President Abdel Fattah al-Sisi has called for listing some military-owned companies in the Egyptian stock market in an effort to increase transparency and enable Egyptians to buy shares in these firms.
“There must be an opportunity for the armed forces companies to be listed in the Egyptian stock market as part of the initial public offerings made for some government companies,” Sisi said in an Oct. 31 speech broadcast from the opening of a military-owned medical gas plant in Giza governorate.
Since the fall of former President Hosni Mubarak in 2011, a shortage of foreign exchange and the exit of some foreign investors from the country have left Egypt in a severe economic crisis. The weak economic situation has prompted the Egyptian armed forces to get heavily involved in many new projects implemented by the government in such fields as agriculture, industry, infrastructure, roads and construction.
In 2016, Sisi denied that the military had taken control of the local economy through these projects, saying that its participation in the Egyptian economy is limited to 1.5-2%. He reiterated this stance Oct. 31, saying, “When the armed forces play this role, it is not at the expense of the private or civil sector.”
Economists have praised the move as a boost for transparency and management, but say that listing the companies in the stock market will be difficult because their operation differs from other private firms.
“The Egyptian market is complicated because you have the public sector, which has its own rules; the private sector, which is not given much support; and the armed forces companies, which have their own way of doing business,” Basant Fahmi, an economist and member of the parliamentary economic affairs committee, told Al-Monitor.
Fahmi said that in order for these companies to enter the Egyptian stock market they must change their regulations. “For example, according to the military law, if there is a dispute between any military company and another public or private company, a military court would be the authority … and this has to change,” she said.
Fahmi said that the companies would have to change their corporate character to limited liability firms in order to be listed in the stock market.
Ahmed el-Shami, an economics professor at Ain Shams University, said that the move would end the controversy over the operations of the armed forces companies and would increase investor confidence in the Egyptian economy. He said their listing will make these companies' operations transparent to the public.
“The move … is an ideal response to attacks on their role in the economy and ends the ambiguity over their activities,” Shami told Al-Monitor.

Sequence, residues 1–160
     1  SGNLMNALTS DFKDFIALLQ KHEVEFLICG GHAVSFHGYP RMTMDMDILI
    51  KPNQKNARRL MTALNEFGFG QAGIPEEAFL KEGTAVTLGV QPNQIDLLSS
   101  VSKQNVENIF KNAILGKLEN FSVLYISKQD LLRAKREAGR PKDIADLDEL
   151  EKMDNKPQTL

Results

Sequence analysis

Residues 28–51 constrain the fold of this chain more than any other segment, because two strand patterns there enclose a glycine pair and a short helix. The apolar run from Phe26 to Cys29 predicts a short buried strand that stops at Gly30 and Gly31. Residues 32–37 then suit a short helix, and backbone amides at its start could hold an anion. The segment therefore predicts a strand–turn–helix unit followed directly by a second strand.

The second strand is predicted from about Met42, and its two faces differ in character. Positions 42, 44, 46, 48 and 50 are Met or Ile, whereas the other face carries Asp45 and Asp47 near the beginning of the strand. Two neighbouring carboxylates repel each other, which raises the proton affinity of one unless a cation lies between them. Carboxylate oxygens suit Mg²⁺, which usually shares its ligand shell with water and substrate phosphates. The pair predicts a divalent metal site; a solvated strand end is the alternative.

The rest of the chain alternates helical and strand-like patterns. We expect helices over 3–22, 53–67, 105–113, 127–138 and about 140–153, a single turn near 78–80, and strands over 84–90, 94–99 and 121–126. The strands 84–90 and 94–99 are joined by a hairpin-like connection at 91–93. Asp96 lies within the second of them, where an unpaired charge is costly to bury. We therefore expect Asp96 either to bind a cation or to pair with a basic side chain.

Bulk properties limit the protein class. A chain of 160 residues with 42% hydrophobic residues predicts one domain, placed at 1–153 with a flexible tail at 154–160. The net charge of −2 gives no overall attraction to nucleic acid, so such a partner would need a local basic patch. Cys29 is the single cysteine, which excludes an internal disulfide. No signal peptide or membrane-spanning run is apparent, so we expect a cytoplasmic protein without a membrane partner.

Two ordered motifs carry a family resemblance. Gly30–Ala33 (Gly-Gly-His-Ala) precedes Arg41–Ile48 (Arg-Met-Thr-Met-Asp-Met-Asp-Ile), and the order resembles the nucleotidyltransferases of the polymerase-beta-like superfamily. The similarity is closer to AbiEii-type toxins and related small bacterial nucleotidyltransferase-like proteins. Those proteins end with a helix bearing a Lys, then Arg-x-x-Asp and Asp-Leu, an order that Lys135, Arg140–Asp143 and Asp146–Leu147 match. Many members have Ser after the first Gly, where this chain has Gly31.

Shami added that these companies play a growing economic role by providing millions of Egyptians with products and services at competitive prices in construction as well as cement and industrial chemicals.
“These fields mainly focus on securing and meeting all the needs of the armed forces as well as overflowing products to the local market. Getting listed in the Egyptian stock exchange would raise the market value of these companies and give them a chance to grow financially,” he said.
One of them, El Maadi Company for Engineering Industries, is owned by the Ministry of Military Production. The company is reportedly working on an electricity project worth $28 million. Another company, 51% of which the Egyptian military owns, is managing the development of the new administrative capital, into which $45 billion has been invested. A third is establishing the largest cement factory in Egypt.
Government holdings will also open to investors
Prime Minister Moustafa Madbouli said in September that Egypt would offer government-owned stakes in five or six large companies on the stock exchange during the current fiscal year ending June 30, 2020. In March, the government launched the first phase of the public offering program by offering an additional 4.5% stake in Eastern Tobacco, an Egyptian company that manufactures tobacco products.
Initially, the program involved 23 companies, including new companies and increased stakes in already listed companies. The government decided last year to postpone the first phase of the program due to the repercussions of the sell-off wave that hit the emerging markets on the Egyptian Stock Exchange. Shami said that the president’s call to list the military companies will restore investor confidence in the IPO program.
He added that the stock market lacks valuable commodities, especially after the exit of big companies. For example, Global Telecom was delisted because its majority shareholder Veon acquired 42.3% of the company.
The entry of the military companies marks “a major turnaround in the political leadership’s approach and will definitely have positive repercussions for the Egyptian economy and foreign direct investments,” said Shami.
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